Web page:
That thinking led to our first workshop of Brand StoryGen. Every client who has attended this workshop has been ‘blown away’ experiencing ‘game changing’ results and unparalleled marketing performance uplift. See here for the case studies.

ALL, without exception have come out of the process changed- often moving significantly forwards from the brief/requirements they originally thought they had.

Different workshops for different needs

Since those early days, we have created a line up of workshops – each focusing on a particular requirement:

Our brains instinctively understand stories – we are hardwired for them, so teasing our your brand’s story, putting it at the heart of your communication is done via a narrative process. By plotting a brand’s story alongside their customer journey we can figure out a. the brand’s sweet-spot - what we call the ‘white space’ - where it can uniquely add value and should focus its content and b. help the brand take the role of the guide and not the hero. Anticipating and answering customers ‘questions’ at each stage of the customer journey. Clients get a long-term video strategy that defines what to create, when to produce it, and how to get it seen.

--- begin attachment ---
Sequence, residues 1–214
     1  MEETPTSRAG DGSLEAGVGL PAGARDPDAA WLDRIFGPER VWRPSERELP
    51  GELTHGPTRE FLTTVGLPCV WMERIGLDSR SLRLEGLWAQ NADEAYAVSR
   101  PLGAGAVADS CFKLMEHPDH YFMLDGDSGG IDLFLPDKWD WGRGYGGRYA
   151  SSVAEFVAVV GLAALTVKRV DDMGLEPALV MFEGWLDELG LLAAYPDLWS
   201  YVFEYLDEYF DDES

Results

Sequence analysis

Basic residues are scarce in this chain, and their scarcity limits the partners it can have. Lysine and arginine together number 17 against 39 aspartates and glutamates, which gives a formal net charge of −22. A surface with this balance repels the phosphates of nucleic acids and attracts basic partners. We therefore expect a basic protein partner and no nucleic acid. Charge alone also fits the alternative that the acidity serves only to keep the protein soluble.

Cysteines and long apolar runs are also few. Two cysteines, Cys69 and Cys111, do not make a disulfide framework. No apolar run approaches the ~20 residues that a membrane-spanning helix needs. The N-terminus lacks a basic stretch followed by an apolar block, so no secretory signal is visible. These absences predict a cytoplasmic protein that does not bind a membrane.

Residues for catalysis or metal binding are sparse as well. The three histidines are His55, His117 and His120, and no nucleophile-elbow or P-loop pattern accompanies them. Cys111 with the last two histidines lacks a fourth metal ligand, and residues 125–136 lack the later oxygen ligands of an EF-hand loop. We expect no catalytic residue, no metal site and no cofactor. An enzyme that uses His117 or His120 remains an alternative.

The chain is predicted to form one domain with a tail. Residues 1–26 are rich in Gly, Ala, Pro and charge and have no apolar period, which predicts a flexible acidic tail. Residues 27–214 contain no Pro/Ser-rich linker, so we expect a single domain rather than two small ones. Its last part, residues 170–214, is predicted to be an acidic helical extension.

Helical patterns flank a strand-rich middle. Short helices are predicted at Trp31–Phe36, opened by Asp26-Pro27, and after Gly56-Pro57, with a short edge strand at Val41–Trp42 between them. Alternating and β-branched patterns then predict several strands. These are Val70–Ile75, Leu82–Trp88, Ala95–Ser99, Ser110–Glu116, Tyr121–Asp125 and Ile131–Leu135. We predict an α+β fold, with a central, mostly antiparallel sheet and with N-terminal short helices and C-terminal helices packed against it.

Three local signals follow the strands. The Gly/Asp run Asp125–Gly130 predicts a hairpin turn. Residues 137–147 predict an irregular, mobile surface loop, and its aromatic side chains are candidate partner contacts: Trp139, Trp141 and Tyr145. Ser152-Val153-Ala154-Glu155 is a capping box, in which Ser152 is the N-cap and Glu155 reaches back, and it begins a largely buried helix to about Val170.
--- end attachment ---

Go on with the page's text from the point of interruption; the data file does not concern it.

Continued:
For those with an immediate campaign requirement, this workshop uses the spine of the 3F’s – fame, feeling and fluency to create content that is eye catching, engaging and memorable. The aim? To put the brand front of mind (salient) at the point of purchase. It lives up to our promise of tailored content - ensuring all campaign content is specifically designed for platform and customer journey messaging.

Our most creatively-oriented workshop, using proven exercises and techniques to spark imaginations and ideate. Very often clients who engage with agencies find themselves the wrong side of a closed door when it comes to the creative process. We don’t believe that creativity is limited to creatives. There are many clients who have internal creative teams or individuals who want to be more immersed in the process - so that’s what creative lab does. We go on a creative ideation journey together with our clients to develop award winning campaign ideas that stay true to all our pillars.

I started by saying that we tore apart our business but really, we just created a ground zero that allowed us to rethink how we should and wanted to be working with our clients. If any part of what I’ve outlined strikes a chord or resonates then please get in touch and we can have a proper conversation.